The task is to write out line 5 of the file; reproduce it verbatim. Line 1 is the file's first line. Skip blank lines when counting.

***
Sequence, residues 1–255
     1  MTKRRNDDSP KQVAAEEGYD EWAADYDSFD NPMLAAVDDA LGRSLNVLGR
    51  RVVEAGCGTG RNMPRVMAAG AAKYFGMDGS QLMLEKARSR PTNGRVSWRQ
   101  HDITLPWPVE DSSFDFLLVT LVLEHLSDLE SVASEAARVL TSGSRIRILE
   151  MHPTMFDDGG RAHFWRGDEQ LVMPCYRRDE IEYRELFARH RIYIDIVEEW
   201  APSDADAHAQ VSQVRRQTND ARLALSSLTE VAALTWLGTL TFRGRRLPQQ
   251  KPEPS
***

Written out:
   151  MHPTMFDDGG RAHFWRGDEQ LVMPCYRRDE IEYRELFARH RIYIDIVEEW